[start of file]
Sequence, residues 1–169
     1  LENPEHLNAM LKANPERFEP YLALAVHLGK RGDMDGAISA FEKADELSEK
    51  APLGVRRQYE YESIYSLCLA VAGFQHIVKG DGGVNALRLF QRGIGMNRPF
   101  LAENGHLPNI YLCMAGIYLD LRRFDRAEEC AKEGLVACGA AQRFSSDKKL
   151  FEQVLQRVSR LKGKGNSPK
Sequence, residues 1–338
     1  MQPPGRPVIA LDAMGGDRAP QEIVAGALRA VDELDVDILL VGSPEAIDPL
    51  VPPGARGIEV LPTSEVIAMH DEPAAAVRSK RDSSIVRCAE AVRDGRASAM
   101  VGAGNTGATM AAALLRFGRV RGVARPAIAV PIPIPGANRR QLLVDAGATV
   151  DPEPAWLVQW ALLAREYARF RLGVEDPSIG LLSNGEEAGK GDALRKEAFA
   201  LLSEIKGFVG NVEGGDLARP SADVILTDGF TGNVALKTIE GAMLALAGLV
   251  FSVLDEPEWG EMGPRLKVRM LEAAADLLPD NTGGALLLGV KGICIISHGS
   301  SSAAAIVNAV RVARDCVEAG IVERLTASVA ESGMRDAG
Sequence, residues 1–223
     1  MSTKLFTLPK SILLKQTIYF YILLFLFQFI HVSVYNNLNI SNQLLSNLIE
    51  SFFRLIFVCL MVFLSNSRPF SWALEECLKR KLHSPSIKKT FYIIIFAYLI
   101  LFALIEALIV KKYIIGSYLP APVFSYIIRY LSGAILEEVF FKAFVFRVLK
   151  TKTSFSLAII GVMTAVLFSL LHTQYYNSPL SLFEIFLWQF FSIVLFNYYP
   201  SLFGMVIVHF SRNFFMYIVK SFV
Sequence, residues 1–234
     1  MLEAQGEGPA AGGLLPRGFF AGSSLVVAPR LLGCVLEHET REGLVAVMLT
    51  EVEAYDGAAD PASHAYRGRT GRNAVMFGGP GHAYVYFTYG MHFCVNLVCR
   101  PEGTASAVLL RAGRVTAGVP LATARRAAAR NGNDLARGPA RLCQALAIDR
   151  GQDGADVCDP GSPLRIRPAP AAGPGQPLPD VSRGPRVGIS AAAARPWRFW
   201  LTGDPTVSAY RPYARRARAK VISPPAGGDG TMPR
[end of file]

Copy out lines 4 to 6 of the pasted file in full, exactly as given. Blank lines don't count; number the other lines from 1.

   101  LAENGHLPNI YLCMAGIYLD LRRFDRAEEC AKEGLVACGA AQRFSSDKKL
   151  FEQVLQRVSR LKGKGNSPK
Sequence, residues 1–338